How about this - we expect other people to follow the law and not commit forcible felonies, particularly assaulting police, rather than expect the police to be your treat someone attacking them with a knife like precious china they need to wrap in bubble wrap?

Seems pretty simple to me, but then again I've always be big into things like being polite, law abiding, and personally responsible for my own actions. I can honestly say that in the normal course of events, I cannot imagine one scenario where I would attack a police officer with a knife, nor one scenario where a police officer wouldn't be justified in shooting me dead if I did so.
 
2014-08-20 03:55:43 PM  

Elegy: MaliFinn: DrExplosion: Malifinn: If it really is a judgment call in that respect, then it is less of an issue about how dangerous someone appears to be and more about the department's negligence of employing someone who is unable to reasonably defend themselves without shooting people in the head.

Are you really saying that every cop should be able to handle someone who is 6'4" and nearly 300 lbs? Or people even bigger than that? What if the big guy knows karate, and he's on drugs that make him immune to pain? Not being able to beat someone like that without using a weapon does not make you "unable to reasonably defend" yourself. Being able to reasonably defend yourself means that you can handle most threats. For the outliers, you have a gun.

I'm saying that if every time a cop encounters a citizen who is bigger than them they are left with no option but to murder them, then this is a system that doesn't work.  And it isn't the fault of someone being big, it's the fault of the nutsack who enters the situation with no viable skill other than firearm accuracy.

Uh, wow.

How about this - we expect other people to follow the law and not commit forcible felonies, particularly assaulting police, rather than expect the police to be your treat someone attacking them with a knife like precious china they need to wrap in bubble wrap?

Seems pretty simple to me, but then again I've always be big into things like being polite, law abiding, and personally responsible for my own actions. I can honestly say that in the normal course of events, I cannot imagine one scenario where I would attack a police officer with a knife, nor one scenario where a police officer wouldn't be justified in shooting me dead if I did so.


Follow the discussion.  The point is not about cops doing their jobs, it's about someone putting themselves into a stupid situation.  The cop could have done anything.  He could have got on the radio.  He could have gone back and reviewed the store video, identified the man, and made a home visit with a warrant.  He could have followed in a vehicle and waited for assistance.  But he didn't.  He decided that he needed to immediately chase down a man larger than him and create a violent confrontation in which his only option to equalize the suspect's strength was by using deadly force.

Cops are people doing tough jobs.  Stupid cops are people making a tough job even harder.
 
2014-08-20 04:00:16 PM  

MaliFinn: If a person is so big that you apparently have no option but to shoot to kill, then why would you approach him?  Knowing that this is your only option, you are encouraging a deadly confrontation.  Knowing this in advance, and having sufficient training to know this is the likely outcome, then this is premeditated.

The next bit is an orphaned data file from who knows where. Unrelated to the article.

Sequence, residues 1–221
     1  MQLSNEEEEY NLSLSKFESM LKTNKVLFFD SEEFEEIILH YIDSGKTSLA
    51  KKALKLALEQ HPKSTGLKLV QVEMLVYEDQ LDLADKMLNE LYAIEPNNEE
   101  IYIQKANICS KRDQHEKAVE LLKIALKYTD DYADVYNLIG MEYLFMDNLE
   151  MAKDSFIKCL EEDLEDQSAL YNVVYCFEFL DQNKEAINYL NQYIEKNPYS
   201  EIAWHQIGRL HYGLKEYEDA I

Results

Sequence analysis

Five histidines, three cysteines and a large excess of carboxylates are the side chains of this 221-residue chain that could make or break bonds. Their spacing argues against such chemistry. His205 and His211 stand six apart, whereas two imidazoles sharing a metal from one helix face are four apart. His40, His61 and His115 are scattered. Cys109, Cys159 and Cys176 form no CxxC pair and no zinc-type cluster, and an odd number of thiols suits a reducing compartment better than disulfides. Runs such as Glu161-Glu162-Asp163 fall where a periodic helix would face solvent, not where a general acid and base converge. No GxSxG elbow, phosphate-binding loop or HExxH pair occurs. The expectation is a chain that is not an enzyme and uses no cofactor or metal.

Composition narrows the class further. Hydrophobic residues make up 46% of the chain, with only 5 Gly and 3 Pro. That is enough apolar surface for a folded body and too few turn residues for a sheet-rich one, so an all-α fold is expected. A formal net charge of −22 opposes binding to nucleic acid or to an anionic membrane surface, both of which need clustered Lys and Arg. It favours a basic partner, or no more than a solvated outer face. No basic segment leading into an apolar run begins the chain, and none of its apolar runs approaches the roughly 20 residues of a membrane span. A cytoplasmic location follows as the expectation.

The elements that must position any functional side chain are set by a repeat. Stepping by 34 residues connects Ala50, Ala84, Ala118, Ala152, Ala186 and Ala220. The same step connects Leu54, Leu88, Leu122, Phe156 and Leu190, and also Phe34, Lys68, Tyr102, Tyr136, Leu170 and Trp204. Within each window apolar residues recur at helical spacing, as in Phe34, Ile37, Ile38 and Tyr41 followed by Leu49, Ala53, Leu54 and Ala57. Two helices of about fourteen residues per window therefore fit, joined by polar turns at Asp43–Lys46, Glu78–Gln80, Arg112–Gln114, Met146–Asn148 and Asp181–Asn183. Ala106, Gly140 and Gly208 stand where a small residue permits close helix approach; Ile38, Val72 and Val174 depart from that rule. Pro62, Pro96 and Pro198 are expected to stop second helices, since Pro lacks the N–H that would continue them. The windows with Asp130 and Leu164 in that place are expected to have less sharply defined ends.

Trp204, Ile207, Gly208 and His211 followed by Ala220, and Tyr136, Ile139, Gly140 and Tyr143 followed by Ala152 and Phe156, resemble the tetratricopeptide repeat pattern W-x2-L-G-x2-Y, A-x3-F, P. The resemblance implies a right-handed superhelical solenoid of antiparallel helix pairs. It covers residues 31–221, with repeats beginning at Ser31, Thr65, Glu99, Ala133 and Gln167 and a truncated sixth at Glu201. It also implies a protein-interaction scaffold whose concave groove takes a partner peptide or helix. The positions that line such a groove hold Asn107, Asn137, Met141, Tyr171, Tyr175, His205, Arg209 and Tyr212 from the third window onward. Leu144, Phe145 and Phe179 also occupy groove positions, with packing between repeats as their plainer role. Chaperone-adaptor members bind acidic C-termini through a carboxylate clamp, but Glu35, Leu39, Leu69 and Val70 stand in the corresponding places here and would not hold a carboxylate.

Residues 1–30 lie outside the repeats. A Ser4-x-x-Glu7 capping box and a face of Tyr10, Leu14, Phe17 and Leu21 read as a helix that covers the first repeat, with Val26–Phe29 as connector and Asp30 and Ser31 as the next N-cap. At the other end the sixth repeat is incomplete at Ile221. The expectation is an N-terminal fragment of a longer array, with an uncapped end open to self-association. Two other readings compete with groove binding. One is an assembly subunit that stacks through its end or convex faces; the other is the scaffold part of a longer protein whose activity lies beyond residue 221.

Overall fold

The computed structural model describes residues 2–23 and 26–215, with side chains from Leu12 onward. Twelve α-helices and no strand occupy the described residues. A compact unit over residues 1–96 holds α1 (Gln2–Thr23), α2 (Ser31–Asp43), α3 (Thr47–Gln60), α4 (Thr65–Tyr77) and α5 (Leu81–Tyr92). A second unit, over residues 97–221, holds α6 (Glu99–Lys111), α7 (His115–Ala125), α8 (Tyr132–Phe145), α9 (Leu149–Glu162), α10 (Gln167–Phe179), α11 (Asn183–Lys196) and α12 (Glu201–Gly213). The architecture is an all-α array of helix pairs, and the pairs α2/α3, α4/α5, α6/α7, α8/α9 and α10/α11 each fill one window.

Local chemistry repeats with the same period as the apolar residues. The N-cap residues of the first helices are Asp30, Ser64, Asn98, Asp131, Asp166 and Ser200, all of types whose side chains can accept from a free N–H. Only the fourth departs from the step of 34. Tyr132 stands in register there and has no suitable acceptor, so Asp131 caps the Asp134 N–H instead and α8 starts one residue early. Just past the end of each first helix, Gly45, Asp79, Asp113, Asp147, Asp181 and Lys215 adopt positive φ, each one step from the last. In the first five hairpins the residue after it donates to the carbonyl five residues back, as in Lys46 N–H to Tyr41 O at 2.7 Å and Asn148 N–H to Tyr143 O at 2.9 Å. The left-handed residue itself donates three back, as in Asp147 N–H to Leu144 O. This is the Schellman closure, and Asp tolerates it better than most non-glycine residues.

This cop chose to create a situation that could only be resolved with murder.  There are a lot of questions about this situation, but the biggest one I have is why this cop chased down a man who was bigger than him with only a gun, expecting it to end differently?

I'm pretty sure he didn't expect it to end differently.  And if he was the least bit hesitant about killing him or the least bit concerned about the victim's life expectancy, he might have at least hesitated before shooting him the sixth time.


The situation could be resolved peacefully if the big guy didn't turn violent. A better question would be why the big guy attacked a man with a gun, expecting it to end differently.

Police are supposed to confront people. It's their job. Sure, the cop's only option if that situation turns violent is to open fire, but the "victim" as you're calling him is the one who chooses to turn the situation violent. He can avoid being shot by simply choosing not to attack the man with a badge and a gun. In this scenario, the cop is the real victim, because he was assaulted after approaching someone nonviolently. He defends himself by shooting his attacker. Not saying that this is definitely what happened with Mike Brown, but at this point we're talking about hypothetical cops who are following the rules. The big guy in this scenario doesn't even need to be completely cooperative to avoid getting shot, he just needs to have the common sense not commit a violent felony in front of a police officer.

And stop thinking Hollywood is the real world. I once shot a man six times and he kept coming. It took another four to take him down. Sometimes one bullet is enough, sometimes it isn't. If shooting someone once is justified, then you keep shooting them until they stop moving.